Wednesday, November 14, 2007

Obama: A Favorite of Academe Who Once Led Harvard Through a Racial Storm

One of the early tests of Barack Obama’s political skills came when he was a law student at Harvard University in the late 1980s and early 1990s.

In the midst of intense campus debates over faculty diversity and other divisive issues, Mr. Obama became the first black student to be elected president of the Harvard Law Review. At the law journal, he presided over difficult discussions among intellectuals with widely different views. Yet his professors say he was able to set an amicable tone and, at the same time, hold fast to his own beliefs.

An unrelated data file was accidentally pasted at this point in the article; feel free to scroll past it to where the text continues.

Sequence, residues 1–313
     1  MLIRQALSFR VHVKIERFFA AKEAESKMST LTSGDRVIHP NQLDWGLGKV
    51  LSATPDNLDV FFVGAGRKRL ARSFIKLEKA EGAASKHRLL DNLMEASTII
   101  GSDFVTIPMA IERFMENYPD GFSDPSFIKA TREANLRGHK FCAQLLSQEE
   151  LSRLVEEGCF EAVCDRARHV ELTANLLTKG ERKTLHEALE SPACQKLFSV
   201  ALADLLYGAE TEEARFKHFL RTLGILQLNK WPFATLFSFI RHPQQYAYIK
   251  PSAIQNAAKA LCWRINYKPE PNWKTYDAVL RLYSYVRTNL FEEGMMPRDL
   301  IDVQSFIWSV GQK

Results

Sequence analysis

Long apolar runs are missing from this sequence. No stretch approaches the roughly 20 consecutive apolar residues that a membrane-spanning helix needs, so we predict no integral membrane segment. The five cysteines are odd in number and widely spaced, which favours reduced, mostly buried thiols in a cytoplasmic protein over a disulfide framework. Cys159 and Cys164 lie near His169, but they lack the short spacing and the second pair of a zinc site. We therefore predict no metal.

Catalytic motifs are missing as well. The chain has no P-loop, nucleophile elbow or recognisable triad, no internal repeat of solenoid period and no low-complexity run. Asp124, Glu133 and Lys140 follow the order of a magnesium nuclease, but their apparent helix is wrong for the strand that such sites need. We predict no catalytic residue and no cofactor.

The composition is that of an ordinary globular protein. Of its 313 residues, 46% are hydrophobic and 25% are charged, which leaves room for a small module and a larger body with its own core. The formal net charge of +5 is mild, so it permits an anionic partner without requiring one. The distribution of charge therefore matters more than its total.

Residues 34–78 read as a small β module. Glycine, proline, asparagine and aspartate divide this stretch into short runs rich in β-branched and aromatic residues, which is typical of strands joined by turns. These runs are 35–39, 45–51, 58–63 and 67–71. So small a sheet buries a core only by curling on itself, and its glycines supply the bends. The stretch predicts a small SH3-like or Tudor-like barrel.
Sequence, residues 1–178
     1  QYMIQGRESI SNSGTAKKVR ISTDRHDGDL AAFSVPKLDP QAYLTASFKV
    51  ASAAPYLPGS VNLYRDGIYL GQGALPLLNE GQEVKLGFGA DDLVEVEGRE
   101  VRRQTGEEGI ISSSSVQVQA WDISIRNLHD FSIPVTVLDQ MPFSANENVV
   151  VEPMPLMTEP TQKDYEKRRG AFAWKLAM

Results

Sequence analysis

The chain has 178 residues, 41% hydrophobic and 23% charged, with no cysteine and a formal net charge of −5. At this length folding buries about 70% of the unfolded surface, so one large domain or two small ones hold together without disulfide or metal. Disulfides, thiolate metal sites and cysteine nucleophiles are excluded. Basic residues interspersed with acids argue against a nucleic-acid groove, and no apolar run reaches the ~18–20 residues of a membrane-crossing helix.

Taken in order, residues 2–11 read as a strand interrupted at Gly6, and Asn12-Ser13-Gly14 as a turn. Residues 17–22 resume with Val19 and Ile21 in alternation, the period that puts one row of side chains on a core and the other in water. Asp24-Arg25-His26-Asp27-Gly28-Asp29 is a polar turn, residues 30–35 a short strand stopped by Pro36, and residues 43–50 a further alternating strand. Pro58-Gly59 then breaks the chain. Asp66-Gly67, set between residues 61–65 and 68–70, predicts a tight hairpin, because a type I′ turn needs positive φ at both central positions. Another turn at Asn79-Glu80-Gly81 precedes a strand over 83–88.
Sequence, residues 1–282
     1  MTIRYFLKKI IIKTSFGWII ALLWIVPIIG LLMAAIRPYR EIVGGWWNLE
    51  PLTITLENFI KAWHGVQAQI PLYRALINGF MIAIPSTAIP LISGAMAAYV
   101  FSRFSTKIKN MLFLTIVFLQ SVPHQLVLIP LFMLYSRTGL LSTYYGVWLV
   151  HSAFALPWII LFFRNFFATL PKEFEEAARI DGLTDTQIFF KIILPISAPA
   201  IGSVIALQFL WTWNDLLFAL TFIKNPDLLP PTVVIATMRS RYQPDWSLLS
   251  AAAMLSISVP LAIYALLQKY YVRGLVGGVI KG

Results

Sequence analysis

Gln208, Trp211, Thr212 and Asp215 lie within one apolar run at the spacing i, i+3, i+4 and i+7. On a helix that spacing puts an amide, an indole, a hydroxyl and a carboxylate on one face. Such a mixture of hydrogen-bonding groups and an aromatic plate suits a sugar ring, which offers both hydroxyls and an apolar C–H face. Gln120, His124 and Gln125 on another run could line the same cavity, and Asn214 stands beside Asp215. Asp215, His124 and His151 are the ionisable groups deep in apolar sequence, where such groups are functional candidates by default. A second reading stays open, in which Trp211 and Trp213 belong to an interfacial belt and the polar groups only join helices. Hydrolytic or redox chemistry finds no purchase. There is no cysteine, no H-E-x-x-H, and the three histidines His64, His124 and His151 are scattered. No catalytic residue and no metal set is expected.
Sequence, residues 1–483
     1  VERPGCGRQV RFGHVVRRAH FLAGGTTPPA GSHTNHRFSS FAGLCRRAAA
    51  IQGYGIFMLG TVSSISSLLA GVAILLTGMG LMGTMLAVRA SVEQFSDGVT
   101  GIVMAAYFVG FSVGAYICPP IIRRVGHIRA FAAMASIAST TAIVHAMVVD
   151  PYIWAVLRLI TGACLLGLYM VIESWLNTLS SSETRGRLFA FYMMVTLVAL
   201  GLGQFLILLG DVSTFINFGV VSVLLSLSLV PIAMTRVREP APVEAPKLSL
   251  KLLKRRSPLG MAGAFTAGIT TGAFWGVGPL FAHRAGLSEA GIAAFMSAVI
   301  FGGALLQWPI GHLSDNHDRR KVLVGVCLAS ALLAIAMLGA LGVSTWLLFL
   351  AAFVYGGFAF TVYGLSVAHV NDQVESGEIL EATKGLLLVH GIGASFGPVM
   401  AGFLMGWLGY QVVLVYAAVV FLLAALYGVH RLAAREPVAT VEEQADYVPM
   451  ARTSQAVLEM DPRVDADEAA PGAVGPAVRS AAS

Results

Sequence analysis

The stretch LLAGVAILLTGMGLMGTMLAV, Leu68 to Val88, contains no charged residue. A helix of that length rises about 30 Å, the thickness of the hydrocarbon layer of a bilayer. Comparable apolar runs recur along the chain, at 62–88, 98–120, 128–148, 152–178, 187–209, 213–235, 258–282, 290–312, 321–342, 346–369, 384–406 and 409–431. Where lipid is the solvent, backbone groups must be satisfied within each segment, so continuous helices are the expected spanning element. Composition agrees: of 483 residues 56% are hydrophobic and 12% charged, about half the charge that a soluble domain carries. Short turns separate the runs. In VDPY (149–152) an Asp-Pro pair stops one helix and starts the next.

In the fourth of The Chronicle's series of profiles of the leading candidates for president, we take a look at how Mr. Obama has won the favor of many in academe and the kind of “professorial president” he might make if he were elected.

On our Campaign U. blog we have also published the full transcript of a Q&A we conducted via email with Mr. Obama's campaign. In it, he discusses his views and positions on various higher-education topics, including affirmative action, the federal government's role in reining in college costs, and the importance of education in preparing working families for a global economy.

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